The water coming out of the taps was sometimes tinged with the same fresh, golden brown of the water in the lake under reconstruction. A taxi-driver said this was clean dirt and we didn’t have to worry about it, though if we washed a white towel in the hotel we found it might appear to be dirtier than when we started, and in patches, where the fabric had filtered out the most particles of the municipal mud, which no doubt has already been commercialized at hot-mud springs with take-away plastic bags for facials. The water, despite its dirty-clean status, could impart an awful, sickly smell to the bathroom, which it had done, it seemed, at the bathroom of the venerable Long Hoa restaurant (which restaurant was a topic one had to come to eventually in any serious coverage of Dalat, because of the outstanding style and cuisine).

The grass smelled like grass when it is cut. This was no doubt the temperate-climate grass the famous Dalat golf course (it would have a trade-mark name), by the lake, rejoiced in, while in the lowlands there had to be a tropical grass that did not smell like cut grass as we normally knew it, as no one had yet cloned in for down there the special smell that exhilarated in the aftermath. Dalat is showing itself good at gardens in the twee, irritating sense of fetishised domains with paths laid down according to a pattern designed to please an obsessive-compulsive swift on high but not someone who wants to walk naturally or in a straight line instead of a semi-circle. The hedges are like the plastic chairs in Saigon footpath eateries, miniaturised. A mouse could get stuck in one but not a rabbit, which is in a way the inverse of what happens in the Saigon café, where the smaller the mammal you are the less likely to get stuck. Dr Alexandre Yersin, immunologist, celebrated pioneer of Nha Trang, down on the coast, and lover of Dalat, a hill station of the French colonial era, has his statue in such a park, and his is a sternly impressive face, chiseled, austere, and there would be a question as to whether he would have tolerated what he saw around him if he had came to life. ‘Elves,’ he would probably have said. Round the corner from Yersin is a lane where wedding carriages are parked and a few of the Dalat nags lounge. The horses do seem to be better bred than in the past, no longer in their conformation tumbled down so much toward their haunches. Yersin and the carts and nags are in and by a park that is pretty large and has some pleasant smells of flowers, though it would be truly something if allowed to grow a little wilder for a few years.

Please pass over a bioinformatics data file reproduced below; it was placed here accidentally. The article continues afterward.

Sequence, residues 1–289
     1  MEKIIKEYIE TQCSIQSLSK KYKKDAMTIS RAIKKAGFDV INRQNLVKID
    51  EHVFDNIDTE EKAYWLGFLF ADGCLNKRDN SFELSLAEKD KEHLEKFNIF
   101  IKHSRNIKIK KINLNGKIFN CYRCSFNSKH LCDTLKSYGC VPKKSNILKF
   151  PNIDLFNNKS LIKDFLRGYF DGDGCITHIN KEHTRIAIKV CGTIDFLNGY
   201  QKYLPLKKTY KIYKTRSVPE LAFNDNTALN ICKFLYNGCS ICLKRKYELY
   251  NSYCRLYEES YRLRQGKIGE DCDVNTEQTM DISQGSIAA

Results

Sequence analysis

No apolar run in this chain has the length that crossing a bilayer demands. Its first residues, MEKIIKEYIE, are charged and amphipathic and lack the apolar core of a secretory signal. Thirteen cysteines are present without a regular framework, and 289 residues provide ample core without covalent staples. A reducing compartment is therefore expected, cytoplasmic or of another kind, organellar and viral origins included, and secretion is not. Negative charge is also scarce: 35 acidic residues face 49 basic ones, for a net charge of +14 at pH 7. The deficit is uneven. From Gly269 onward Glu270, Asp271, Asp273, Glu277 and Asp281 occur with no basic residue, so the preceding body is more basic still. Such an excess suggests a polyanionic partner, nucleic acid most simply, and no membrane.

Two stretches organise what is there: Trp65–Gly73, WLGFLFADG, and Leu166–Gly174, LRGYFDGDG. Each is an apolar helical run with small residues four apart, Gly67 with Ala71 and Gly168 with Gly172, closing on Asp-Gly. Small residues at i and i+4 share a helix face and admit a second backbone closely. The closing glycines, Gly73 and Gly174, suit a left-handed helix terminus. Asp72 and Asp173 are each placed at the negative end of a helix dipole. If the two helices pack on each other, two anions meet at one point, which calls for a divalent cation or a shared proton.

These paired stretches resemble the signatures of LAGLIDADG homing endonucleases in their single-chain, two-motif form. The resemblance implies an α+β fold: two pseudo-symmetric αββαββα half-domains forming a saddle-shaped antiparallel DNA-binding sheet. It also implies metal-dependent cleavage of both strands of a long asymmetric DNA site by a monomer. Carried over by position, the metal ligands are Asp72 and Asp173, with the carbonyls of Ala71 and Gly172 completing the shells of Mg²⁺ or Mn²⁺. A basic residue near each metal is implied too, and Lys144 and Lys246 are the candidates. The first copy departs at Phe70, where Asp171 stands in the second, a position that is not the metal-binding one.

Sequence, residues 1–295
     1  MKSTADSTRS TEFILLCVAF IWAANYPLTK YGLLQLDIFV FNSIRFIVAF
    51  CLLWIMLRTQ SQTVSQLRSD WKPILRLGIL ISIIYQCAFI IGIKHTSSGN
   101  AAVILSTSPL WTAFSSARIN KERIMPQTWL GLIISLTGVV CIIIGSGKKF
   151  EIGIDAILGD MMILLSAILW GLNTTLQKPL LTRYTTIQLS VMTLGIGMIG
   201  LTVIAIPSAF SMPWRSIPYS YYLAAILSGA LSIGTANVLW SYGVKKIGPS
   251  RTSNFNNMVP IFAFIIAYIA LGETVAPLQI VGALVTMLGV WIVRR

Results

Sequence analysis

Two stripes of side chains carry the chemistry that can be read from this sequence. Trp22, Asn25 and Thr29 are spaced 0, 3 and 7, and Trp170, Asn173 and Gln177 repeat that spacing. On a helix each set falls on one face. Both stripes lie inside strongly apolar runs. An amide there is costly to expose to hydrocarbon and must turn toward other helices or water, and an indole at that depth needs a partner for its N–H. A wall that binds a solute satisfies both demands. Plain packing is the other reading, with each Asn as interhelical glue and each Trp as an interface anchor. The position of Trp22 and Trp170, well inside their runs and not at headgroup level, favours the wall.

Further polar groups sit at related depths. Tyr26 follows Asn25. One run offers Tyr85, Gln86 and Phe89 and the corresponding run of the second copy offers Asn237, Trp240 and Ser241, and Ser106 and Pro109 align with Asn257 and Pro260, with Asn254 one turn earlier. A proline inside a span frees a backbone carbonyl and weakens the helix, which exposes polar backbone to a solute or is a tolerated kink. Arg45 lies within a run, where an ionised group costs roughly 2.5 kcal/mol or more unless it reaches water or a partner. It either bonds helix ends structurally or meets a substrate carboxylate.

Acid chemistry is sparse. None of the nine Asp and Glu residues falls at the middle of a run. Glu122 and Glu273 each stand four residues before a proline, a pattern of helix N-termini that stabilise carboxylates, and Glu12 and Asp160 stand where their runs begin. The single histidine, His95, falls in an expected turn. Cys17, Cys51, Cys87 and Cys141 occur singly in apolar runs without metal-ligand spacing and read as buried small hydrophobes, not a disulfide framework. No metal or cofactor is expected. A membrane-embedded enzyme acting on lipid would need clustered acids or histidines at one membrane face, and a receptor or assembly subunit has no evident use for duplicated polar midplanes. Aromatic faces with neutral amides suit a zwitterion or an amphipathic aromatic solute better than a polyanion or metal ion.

If you followed the main canal – in which the water was the same colour of dissolved wedding rings and which allowed for fishing, in one case, with the use of a light-blue mosquito net – down below the dam you came after a few kilometres to a classic recreation park with a grossly unfortunate horse that had to stand between the shafts of a tiny romance chariot like a statue, its feet on pads, waiting. The horse nodded off in a series of half-a-dozen jolts of the head, affected by gravity, like a student in a lecture, then, at a certain low angle, woke up and lifted its head back to an attentive position, such as would be assumed by a painted, lead horse between the shafts of a cart in a nursery in which there were also lead soldiers. There was in this park also a concrete Asian bear on its hind legs and attached, as if in a circus, to a chain, which turned out on closer inspection to be the chain of a fence on a bridge. This was the kind of park that has hump bridges and toadstools made of concrete in the style of artificial cake-decorating cream and painted in a lot of colours. Good for children, no doubt, but rather bright, otherwise. A peaceful, gloomier spot to sit could be found along a path to a very adequate toilet block, as long as you did not look on the other side of it, where rubbish cascaded the slope to the water flowing down from the park and its falls, called the Cam Ly Falls. This sight could give one of those feelings or realisations one sometimes has that are probably well enough described as ‘Robinson Crusoe moments’, in which you wonder what other people get out of life if nature is not inhabited as if it mattered in the least.